Low Amplitude QRS

Transient Myocardial Ischemia is an Independent Predictor of Adverse In-hospital Outcomes in Patients with Acute Coronary Syndromes Treated in the Telemetry Unit

The purpose of this study was to determine whether transient myocardial ischemia (TMI) is predictive of adverse in-hospital outcomes among patients admitted to a telemetry unit with acute coronary syndrome (ACS). Design and Setting: The study was designed as a prospective clinical trial in a telemetry unit of a large, urban, university medical center.

Interpreting a Postoperative 12-lead ECG Waveform

Increased Automaticity of the AV Node

Ventricular Escape Rhythms

Non-conducted P Waves

Electrolyte Imbalances

Nonischemic ST-segment Elevation

Retrograde Atrial Conduction

Wide QRS Duration

An Evolving Myocardial Infarction

Premature Beats

Bedside Monitoring of Spinal Cord Injuries

Nonrespiratory Sinus Arrhythmia

Relative Refractory Period

ST Segment Changes in Right Bundle Branch Block

Rhythmic Premature Ventricular Contractions

Designing Prehospital ECG Systems for Acute Coronary Syndromes. Lessons Learned from Clinical Trials Involving 12-lead ST-segment Monitoring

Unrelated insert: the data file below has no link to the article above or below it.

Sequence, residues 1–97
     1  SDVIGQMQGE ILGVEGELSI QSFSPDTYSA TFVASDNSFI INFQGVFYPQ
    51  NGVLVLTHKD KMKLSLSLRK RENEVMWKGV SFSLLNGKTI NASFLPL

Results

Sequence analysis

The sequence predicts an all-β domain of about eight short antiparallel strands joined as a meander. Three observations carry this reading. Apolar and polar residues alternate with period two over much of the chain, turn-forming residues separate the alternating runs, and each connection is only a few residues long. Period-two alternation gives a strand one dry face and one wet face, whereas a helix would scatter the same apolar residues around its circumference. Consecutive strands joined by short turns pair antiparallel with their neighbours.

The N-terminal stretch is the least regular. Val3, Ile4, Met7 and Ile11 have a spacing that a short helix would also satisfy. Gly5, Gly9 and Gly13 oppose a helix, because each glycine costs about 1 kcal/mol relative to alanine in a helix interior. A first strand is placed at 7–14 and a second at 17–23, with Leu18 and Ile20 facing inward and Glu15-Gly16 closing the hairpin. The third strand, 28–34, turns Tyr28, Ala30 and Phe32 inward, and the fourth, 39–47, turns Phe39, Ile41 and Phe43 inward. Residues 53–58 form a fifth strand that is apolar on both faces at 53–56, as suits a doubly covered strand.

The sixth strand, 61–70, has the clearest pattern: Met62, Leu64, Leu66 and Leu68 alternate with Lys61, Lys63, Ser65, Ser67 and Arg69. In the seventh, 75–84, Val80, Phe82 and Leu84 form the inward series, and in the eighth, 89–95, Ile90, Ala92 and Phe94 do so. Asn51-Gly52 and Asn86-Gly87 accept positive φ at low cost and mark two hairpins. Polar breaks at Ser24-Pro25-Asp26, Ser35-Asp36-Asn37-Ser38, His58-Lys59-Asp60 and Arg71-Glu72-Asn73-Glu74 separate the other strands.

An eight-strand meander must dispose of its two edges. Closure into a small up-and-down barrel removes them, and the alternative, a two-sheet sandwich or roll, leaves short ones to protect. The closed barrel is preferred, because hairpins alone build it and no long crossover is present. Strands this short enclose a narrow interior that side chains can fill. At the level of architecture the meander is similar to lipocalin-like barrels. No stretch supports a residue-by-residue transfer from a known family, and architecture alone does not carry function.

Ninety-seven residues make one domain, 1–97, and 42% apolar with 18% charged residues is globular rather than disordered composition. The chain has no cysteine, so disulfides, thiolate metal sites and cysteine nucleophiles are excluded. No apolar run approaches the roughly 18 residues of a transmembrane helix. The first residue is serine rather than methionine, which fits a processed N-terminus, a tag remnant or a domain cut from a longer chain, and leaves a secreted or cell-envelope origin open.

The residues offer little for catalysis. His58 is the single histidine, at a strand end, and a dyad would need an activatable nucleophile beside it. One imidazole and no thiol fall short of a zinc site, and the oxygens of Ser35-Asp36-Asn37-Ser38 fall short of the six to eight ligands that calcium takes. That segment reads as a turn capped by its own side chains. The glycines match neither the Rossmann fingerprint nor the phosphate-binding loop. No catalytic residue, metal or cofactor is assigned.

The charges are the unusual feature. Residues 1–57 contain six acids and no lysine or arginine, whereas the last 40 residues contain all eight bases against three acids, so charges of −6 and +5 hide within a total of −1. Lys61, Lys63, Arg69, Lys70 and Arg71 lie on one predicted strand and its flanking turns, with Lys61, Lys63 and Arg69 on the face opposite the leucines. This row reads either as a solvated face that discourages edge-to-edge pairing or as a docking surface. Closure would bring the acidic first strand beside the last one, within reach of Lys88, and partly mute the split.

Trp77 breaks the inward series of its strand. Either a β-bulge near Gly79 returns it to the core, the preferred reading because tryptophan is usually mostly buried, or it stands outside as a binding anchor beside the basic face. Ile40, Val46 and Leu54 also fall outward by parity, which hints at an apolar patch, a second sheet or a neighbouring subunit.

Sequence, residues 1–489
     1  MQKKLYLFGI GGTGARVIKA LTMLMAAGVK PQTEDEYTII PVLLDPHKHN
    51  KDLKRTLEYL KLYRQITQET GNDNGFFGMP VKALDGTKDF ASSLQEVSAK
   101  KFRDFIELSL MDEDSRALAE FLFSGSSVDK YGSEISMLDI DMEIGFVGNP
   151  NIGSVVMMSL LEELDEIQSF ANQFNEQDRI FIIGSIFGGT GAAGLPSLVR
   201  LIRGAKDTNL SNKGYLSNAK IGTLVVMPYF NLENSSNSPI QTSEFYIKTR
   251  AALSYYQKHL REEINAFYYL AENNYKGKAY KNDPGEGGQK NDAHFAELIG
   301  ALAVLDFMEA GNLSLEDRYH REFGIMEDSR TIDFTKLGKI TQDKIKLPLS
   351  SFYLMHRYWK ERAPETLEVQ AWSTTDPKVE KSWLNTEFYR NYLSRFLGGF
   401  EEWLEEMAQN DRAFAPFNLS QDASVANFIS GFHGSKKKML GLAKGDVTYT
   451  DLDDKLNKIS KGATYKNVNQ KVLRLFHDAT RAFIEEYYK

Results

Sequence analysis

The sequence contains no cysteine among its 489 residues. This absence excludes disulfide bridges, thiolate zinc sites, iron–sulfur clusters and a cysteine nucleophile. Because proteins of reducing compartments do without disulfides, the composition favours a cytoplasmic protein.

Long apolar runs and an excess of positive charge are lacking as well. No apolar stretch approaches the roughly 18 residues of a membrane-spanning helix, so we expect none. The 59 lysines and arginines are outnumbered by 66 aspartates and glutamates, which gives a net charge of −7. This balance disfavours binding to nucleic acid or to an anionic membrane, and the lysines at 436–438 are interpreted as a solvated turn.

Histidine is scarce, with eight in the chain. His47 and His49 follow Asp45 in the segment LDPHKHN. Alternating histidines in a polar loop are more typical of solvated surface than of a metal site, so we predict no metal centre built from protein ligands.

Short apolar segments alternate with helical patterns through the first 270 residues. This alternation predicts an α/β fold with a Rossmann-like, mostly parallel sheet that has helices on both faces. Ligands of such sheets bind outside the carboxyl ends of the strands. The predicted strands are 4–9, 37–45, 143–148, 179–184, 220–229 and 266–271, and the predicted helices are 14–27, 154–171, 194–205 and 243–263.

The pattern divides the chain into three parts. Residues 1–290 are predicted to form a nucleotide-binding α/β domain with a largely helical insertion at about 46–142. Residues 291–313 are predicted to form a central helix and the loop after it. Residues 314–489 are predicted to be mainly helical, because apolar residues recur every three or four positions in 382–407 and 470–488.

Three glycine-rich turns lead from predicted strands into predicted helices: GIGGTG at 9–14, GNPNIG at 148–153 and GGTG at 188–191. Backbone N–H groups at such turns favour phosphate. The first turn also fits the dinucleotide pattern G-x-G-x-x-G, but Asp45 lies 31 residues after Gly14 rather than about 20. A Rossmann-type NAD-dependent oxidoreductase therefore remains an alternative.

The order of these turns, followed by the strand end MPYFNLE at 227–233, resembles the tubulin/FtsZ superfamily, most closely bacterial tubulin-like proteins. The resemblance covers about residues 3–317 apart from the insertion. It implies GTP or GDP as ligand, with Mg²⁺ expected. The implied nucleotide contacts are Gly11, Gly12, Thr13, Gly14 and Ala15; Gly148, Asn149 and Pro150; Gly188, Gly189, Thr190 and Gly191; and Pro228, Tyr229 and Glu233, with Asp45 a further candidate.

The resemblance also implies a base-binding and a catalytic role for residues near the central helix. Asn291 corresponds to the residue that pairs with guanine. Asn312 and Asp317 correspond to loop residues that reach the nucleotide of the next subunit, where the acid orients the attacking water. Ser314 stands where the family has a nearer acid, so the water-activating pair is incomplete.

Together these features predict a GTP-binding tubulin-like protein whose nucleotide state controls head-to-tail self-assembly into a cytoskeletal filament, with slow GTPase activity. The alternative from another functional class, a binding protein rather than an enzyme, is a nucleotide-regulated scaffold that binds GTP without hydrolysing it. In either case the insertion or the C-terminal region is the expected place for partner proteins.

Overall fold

Clinical trials in prehospital electrocardiography have focused primarily on ST elevation myocardial infarction (STEMI). The aims of this study were to determine, in patients presenting to the emergency department with acute coronary syndrome (ACS), the (1) relative frequency of various ACS types and (2) sensitivity of conventional ST-T criteria for diagnosing ischemia in non-STEMI or unstable angina.

Enhanced Automaticity of the His Bundle

Resynchronization Therapy

ST-segment Changes in Right Ventricular Paced Rhythms

Differentiating ST-Segment Strain Pattern From Acute Ischemia

Long QT Syndrome

Nonsustained Ventricular Tachycardia in the Elderly

ECG Changes During Induced Hypothermia After Cardiac Arrest

Evaluating Pacemaker Function with Full Disclosure

P Wave Alterations

New Female Catheterization Device

Data from one patient enrolled in the early phase of the ongoing clinical trial evaluating an experimental device called the Cath-Assist are presented. The device is designed to facilitate female urethral catheterization by exposing the vulvar vestibule, isolating the urethral opening, and blocking the entrance to the vagina.